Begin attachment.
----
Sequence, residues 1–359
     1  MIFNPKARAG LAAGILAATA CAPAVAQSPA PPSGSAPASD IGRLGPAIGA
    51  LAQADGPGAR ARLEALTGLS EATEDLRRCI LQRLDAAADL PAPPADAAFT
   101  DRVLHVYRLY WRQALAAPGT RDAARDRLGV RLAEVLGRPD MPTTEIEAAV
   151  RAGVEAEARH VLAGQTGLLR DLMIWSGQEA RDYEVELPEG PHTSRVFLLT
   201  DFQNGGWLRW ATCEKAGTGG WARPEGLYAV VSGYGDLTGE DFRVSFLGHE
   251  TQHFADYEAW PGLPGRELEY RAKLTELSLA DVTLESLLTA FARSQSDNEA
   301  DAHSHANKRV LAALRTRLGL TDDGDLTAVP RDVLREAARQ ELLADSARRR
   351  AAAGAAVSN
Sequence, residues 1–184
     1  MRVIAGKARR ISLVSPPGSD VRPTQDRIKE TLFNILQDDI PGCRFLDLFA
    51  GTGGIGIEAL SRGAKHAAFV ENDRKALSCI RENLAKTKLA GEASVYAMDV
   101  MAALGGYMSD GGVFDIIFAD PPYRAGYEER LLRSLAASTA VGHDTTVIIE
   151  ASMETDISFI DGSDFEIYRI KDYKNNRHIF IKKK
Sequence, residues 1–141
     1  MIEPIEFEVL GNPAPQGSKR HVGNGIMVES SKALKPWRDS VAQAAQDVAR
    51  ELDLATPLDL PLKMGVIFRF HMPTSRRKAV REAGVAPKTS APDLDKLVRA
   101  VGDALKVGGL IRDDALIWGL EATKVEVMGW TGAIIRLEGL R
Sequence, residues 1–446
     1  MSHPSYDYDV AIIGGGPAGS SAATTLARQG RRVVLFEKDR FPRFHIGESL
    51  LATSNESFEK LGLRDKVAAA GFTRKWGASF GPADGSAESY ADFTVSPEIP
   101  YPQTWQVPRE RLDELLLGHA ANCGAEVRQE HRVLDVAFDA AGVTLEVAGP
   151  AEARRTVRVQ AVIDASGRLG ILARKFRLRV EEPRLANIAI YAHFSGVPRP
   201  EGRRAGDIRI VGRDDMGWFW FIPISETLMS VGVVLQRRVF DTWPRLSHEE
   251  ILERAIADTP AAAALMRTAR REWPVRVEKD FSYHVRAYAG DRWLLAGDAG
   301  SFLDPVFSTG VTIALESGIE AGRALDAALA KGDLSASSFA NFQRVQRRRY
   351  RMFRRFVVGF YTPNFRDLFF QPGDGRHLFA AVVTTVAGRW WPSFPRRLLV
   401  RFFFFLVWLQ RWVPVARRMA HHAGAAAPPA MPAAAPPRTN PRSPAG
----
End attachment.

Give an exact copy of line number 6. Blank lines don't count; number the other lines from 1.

   201  DFQNGGWLRW ATCEKAGTGG WARPEGLYAV VSGYGDLTGE DFRVSFLGHE